By Emily Goddard

Roman Kreuziger has had his CAS appeal against a provisional suspension rejected ©Getty ImagesRoman Kreuziger has had his appeal against a provisional suspension from the International Cycling Union (UCI) on alleged doping violations rejected by the Court of Arbitration for Sport (CAS).

The Czech cyclist was hit with the ban from competition at the beginning of this month pending an investigation into a possible anti-doping offence after the sport's world governing body identified irregularities in his biological passport dating back to 2011 and 2012, during which time he riding for the Astana team and won a stage on the 2012 Giro d'Italia.

Kreuziger has since insisted he has done nothing wrong and claims the UCI is breaking its own rules by imposing a suspension without a positive A sample being provided.

The alleged anti-doping violation dates back to when Roman Kreuziger was riding for the Astana team ©Getty ImagesThe alleged anti-doping violation dates back to when Roman Kreuziger was riding for the Astana team ©Getty Images

His Tinkoff-Saxo team, which withdrew him from the Tour de France while they gathered more information about the apparent abnormalities in his blood profile, were also critical of the provisional suspension.

They said there was no "solid evidence of any wrongdoing".

However, a CAS team of Austrian Michael Geistlinger, Sweden's Lars Nilsson and Bernhard Welten of Switzerland, which sped up the investigation at Kreuziger's request, upheld the UCI's decision to provisionally suspend the rider.

"The rider sought to overturn such suspension in order to be able to compete in the 2014 Tour of Spain and possibly in the UCI World Road Championships," the CAS said in a statement.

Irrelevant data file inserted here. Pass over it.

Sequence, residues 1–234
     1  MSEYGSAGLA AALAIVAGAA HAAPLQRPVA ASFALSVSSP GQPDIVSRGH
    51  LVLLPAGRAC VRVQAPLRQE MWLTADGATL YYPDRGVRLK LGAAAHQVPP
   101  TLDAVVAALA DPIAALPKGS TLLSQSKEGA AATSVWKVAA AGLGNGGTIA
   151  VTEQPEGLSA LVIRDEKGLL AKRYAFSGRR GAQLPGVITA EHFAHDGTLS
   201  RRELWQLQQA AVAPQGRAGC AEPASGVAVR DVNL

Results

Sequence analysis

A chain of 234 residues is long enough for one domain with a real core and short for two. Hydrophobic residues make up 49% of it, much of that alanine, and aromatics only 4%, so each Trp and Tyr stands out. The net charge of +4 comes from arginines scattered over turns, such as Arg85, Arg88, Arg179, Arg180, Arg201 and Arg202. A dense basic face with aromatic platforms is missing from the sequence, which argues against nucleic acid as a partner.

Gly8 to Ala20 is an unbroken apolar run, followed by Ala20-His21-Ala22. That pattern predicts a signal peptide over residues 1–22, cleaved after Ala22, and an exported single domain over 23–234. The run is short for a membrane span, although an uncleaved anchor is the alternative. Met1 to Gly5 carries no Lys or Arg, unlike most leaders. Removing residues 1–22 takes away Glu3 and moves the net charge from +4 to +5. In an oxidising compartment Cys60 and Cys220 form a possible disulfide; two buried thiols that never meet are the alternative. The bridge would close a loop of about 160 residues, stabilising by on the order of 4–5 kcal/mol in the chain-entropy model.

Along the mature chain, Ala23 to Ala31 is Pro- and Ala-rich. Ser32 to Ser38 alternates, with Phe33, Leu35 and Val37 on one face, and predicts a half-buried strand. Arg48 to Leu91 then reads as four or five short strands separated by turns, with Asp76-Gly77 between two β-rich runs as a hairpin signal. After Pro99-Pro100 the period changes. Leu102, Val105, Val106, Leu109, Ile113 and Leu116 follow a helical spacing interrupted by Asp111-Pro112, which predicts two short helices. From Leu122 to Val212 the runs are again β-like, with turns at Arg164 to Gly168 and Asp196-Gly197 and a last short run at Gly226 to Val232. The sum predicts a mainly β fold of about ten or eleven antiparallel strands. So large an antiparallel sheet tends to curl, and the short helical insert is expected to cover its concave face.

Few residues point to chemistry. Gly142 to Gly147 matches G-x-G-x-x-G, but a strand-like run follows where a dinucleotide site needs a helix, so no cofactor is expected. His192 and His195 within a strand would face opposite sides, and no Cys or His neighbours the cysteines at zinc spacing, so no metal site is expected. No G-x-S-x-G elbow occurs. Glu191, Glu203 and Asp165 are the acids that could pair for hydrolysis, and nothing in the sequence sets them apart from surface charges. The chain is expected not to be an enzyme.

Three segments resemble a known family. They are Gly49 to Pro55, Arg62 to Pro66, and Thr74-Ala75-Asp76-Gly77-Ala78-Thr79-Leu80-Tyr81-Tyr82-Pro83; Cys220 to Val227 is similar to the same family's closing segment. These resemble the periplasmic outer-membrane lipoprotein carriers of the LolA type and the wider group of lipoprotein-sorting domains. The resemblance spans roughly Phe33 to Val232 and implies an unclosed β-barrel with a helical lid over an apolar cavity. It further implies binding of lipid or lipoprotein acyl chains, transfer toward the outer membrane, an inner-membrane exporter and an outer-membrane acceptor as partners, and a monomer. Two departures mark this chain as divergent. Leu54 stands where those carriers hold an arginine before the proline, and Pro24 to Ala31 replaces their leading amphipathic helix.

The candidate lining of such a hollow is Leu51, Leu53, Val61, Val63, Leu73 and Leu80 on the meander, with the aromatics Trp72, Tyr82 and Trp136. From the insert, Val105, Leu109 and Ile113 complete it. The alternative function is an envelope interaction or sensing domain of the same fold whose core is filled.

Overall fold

"Roman Kreuziger remains provisionally suspended pending a decision on his alleged anti-doping rule violation."

The UCI welcomed the decision, but reiterated that the action taken against Kreuziger is "only a provisional suspension and that the hearing to decide on whether or not the rider has committed a doping offence will follow".

"The Union Cycliste Internationale is pleased with the decision taken by the Court of Arbitration for Sport to uphold the provisional suspension imposed on rider Roman Kreuziger," a statement from the federation added.

"This decision is a recognition of the reliability of the Athlete Biological Passport and the measures taken by the UCI to date in this case."

The CAS' decision rules Kreuziger out of this month's Vuelta a España, due to get underway on Saturday (August 23).

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August 2014: "I'm not a cheat" claims Czech rider Kreuziger as he accuses UCI of breaking rules over doping suspension